CLARINETS Àngel Errea concertino, José Miguel Micó soloist, Natalia Zanón soloist, Joana Altadill, Valeria Conti, Joan Estellés, Victòria Gonzálvez, Montserrat Margalef, Manuel Martínez, Javier Olmeda, José Joaquín Sánchez, Antonio Santos, Joan Tormo, Jaume Sancho, Javier Vilaplana requint, Martí Guasteví alto clarinet, José Vicente Montesinos bass clarinet | SAXOPHONES Maurici Esteller soprano, Daniel Molina high soloist, Marta Romero high, Armand Franco tenor, José Jaime Rivera tenor, Joan Soler baritone | FLUTES Manel Reyes soloist, Paula Martínez, Carme Arrufat flute, Ana Belén Sánchez flute | OBOESE Pilar Bosque soloist, David Perpignan, Carla Suárez English corn | FAGOTS Daniel Ortuño soloist, Xavier Cervera | TRUMPETS Oleguer Bertran soloist, Carlos Lizondo soloist, Manuel Montesinos, Josep Miquel Rozalén, Miquel Zapata | TRUMPETS AND FISCORNS Jesus Munuera soloist, Patricio Soler soloist, Maurici Albàs, Santiago Gozálbez, Jesus Pascual, Javier Navasquillo, Susanna Marco | TROMBONS Emilio Bayarri soloist, Eduard Font, Francesc Ivars, Francisco Palacios low | BOMBARDINS Rubén Zuriaga soloist, David Pantín, Vicent Múñoz | TUBES Antonio Chelvi soloist, Francisco Javier Molina | TIMPANI Ferran Carceller soloist | PERCUSSIONS Mateu Caballé soloist, Ferran Armengol, Carme Garrigó, Mario Garcia, Àlex Llorens | DOUBLE BASS Antoni Cubedo, Trent Hellerstein | ARPA Laura Boschetti | PLANNING DIRECTOR Joan Xicola | EXECUTIVE COORDINATOR Susanna Gamisel | ARCHIVE Àlex Fernández | PHOTOS May Zircus | SOUND TECHNICAL ASSISTANCE Toni Vila | MUSIC PRODUCTION Markus Heiland Tritonus Musikproduktion GmbH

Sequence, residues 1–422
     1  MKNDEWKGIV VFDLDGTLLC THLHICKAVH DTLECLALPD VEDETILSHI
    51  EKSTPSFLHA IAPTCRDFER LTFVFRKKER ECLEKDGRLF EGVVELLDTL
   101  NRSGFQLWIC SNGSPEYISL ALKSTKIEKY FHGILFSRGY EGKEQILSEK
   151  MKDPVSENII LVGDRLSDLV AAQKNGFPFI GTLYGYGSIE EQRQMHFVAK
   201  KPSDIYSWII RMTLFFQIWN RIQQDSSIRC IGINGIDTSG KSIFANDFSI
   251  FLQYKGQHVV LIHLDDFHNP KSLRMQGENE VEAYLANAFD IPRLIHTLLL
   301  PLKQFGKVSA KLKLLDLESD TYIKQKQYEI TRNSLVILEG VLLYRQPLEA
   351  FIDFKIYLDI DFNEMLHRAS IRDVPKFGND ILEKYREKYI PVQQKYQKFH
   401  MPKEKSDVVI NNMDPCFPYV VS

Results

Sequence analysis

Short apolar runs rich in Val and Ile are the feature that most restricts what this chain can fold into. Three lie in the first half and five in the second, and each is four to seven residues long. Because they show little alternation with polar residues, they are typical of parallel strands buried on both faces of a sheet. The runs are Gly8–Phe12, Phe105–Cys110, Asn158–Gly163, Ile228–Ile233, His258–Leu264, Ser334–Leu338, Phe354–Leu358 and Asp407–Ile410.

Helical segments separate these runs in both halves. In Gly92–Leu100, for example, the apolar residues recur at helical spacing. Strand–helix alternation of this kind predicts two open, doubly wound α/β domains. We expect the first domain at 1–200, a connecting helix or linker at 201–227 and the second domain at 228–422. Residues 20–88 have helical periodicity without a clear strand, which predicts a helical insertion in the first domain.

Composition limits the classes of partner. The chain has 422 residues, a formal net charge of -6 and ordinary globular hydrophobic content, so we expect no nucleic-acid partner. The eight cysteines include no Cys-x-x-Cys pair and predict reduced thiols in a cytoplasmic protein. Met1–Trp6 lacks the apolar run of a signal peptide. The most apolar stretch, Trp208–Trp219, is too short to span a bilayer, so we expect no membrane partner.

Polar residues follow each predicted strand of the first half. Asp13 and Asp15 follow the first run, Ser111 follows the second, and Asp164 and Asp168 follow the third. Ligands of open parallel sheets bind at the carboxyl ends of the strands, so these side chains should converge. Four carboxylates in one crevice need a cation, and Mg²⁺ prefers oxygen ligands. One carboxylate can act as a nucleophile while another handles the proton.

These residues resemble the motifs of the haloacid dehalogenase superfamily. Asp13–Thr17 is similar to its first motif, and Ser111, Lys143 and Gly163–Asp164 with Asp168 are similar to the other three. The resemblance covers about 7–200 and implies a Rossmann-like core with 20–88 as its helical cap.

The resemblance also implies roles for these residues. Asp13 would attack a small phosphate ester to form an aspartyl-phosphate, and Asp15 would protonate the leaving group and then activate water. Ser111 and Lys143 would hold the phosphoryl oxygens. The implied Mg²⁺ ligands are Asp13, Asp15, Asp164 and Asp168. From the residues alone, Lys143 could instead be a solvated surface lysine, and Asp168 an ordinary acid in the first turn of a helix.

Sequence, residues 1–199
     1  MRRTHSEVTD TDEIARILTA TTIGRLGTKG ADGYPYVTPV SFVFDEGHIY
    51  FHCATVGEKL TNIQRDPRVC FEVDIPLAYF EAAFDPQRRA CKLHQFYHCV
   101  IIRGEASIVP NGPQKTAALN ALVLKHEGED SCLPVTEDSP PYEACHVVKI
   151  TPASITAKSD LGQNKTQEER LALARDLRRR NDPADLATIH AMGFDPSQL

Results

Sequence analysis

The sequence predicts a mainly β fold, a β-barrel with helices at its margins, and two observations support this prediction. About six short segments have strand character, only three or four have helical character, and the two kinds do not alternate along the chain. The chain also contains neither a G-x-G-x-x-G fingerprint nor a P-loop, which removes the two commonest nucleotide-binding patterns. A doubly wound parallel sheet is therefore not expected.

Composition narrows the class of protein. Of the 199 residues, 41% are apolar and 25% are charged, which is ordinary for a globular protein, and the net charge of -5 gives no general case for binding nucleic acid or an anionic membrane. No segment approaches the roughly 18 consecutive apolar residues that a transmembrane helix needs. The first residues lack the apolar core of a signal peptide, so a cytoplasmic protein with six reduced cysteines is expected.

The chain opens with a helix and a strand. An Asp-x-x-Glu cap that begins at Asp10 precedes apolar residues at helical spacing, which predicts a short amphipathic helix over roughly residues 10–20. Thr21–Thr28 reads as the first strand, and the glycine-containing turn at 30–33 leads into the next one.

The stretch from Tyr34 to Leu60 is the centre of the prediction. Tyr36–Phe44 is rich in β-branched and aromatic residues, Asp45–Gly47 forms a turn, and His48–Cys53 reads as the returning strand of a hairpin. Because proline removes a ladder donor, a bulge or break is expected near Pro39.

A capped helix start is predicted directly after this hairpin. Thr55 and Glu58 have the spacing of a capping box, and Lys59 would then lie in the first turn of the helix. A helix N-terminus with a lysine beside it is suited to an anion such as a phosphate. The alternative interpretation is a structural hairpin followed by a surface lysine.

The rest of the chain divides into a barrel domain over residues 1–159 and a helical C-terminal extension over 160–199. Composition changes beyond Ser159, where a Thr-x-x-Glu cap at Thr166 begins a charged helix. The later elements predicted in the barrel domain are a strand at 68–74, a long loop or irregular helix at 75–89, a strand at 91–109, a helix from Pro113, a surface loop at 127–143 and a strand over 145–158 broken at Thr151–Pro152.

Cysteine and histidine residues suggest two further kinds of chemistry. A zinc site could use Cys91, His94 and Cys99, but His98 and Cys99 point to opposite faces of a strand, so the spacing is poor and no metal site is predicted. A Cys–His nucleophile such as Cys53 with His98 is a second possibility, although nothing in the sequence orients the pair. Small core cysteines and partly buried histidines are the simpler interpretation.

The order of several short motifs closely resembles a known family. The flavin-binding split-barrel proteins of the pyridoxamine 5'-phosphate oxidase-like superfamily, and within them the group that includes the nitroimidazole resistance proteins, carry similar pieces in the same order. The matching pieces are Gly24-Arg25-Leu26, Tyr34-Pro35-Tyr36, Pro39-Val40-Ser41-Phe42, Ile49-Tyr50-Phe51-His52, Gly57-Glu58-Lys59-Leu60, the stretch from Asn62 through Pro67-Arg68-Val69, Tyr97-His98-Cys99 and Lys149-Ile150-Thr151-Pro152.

Album recorded from 8 to 12 July 2019 in Room 1 Pau Casals, L'Auditori de Barcelona.

ATTENTION

This concert is free for all those users who are registered in L'Auditori Digital. If you already have an account on the platform, just enter your credentials. If not, register first.

ATTENTION

You just watched the video preview. If you want to see the whole video, you can buy it individually (video_price €), or buy a subscription with unlimited access to concerts from € 7.99 per month.

SUBSCRIBE FOR € 7.90 PER MONTH

You are about to purchase this video for video_price €. We inform you that you can subscribe for € 7.90 per month and enjoy all the content with unlimited access. Do you want to continue with this transaction?